Treasure Island

Oliver Wendell Holmes

(1809-1894 / United States)

A Sea Dialogue


Cabin Passenger:
FRIEND, you seem thoughtful. I not wonder much
That he who sails the ocean should be sad.
I am myself reflective. When I think
Of all this wallowing beast, the Sea, has sucked
Between his sharp, thin lips, the wedgy waves,
What heaps of diamonds, rubies, emeralds, pearls;
What piles of shekels, talents, ducats, crowns,
What bales of Tyrian mantles, Indian shawls,
Of laces that have blanked the weavers' eyes,
Of silken tissues, wrought by worm and man,
The half-starved workman, and the well-fed worm;
What marbles, bronzes, pictures, parchments, books;
What many-lobuled, thought-engendering brains;
Lie with the gaping sea-shells in his maw,--
I, too, am silent; for all language seems
A mockery, and the speech of man is vain.
O mariner, we look upon the waves
And they rebuke our babbling. 'Peace!' they say,--
'Mortal, be still!' My noisy tongue is hushed,
And with my trembling finger on my lips
My soul exclaims in ecstasy--

MAN AT WHEEL.
Belay!

CABIN PASSENGER.
Ah yes! 'Delay,'--it calls, 'nor haste to break
The charm of stillness with an idle word!'
O mariner, I love thee, for thy thought
Strides even with my own, nay, flies before.
Thou art a brother to the wind and wave;
Have they not music for thine ear as mine,
When the wild tempest makes thy ship his lyre,
Smiting a cavernous basso from the shrouds
And climbing up his gamut through the stays,
Through buntlines, bowlines, ratlines, till it shrills
An alto keener than the locust sings,
And all the great Aeolian orchestra
Storms out its mad sonata in the gale?
Is not the scene a wondrous and--

MAN AT WHEEL.
A vast!

CABIN PASSENGER.
Ah yes, a vast, a vast and wondrous scene!
I see thy soul is open as the day
That holds the sunshine in its azure bowl
To all the solemn glories of the deep.
Tell me, O mariner, dost thou never feel
The grandeur of thine office,--to control
The keel that cuts the ocean like a knife
And leaves a wake behind it like a seam
In the great shining garment of the world?

MAN AT WHEEL.
Belay y'r jaw, y' swab! y' hoss-marine!
(To the Captain.)
Ay, ay, Sir! Stiddy, Sir! Sou'wes' b' sou'!

Submitted: Tuesday, April 06, 2010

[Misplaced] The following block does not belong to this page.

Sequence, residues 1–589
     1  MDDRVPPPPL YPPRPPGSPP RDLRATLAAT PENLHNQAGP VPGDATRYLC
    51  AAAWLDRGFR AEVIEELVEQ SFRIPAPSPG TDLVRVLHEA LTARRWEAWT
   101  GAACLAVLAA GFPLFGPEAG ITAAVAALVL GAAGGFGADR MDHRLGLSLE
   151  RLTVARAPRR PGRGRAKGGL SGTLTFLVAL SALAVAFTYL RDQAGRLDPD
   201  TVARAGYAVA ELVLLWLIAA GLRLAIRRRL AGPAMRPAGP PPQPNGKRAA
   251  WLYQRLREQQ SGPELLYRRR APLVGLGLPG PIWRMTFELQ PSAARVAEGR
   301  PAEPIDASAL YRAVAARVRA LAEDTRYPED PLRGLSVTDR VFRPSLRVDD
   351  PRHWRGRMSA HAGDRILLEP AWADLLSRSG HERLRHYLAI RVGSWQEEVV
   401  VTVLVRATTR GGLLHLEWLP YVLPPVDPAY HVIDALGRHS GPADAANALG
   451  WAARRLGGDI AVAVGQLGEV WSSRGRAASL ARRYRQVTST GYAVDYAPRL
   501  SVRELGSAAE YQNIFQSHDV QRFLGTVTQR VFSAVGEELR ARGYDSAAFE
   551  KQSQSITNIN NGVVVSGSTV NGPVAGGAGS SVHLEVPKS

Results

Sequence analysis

Do you like this poem?
0 person liked.
0 person did not like.

Read this poem in other languages

This poem has not been translated into any other language yet.

I would like to translate this poem »

word flags

What do you think this poem is about?

Comments about this poem (A Sea Dialogue by Oliver Wendell Holmes )

Enter the verification code :

There is no comment submitted by members..

Top Poems

  1. Phenomenal Woman
    Maya Angelou
  2. The Road Not Taken
    Robert Frost
  3. If You Forget Me
    Pablo Neruda
  4. Still I Rise
    Maya Angelou
  5. Dreams
    Langston Hughes
  6. Annabel Lee
    Edgar Allan Poe
  7. If
    Rudyard Kipling
  8. Stopping by Woods on a Snowy Evening
    Robert Frost
  9. I Know Why The Caged Bird Sings
    Maya Angelou
  10. Invictus
    William Ernest Henley

PoemHunter.com Updates

New Poems

  1. EVERY POEM HAS ITS PHILOSOPHER AND ITS P.., MOHAMMAD SKATI
  2. Going to meet an end, gajanan mishra
  3. Helen Keller, Kyle Schlicher
  4. Insignificant, Kyle Schlicher
  5. I Watch The Ants, Kyle Schlicher
  6. Feel sorry, gajanan mishra
  7. Marmalade Mountains…, Mark Heathcote
  8. O Policeman, Beat You Not The The Other .., Bijay Kant Dubey
  9. Raincoat, Kyle Schlicher
  10. Running Through The Cornfield, Kyle Schlicher

Poem of the Day

poet Robert Frost

Some say the world will end in fire,
Some say in ice.
From what I've tasted of desire
I hold with those who favor fire.
But if it had to perish twice,
...... Read complete »

 

Modern Poem

poet Ernest G Moll

 

Member Poem

[Hata Bildir]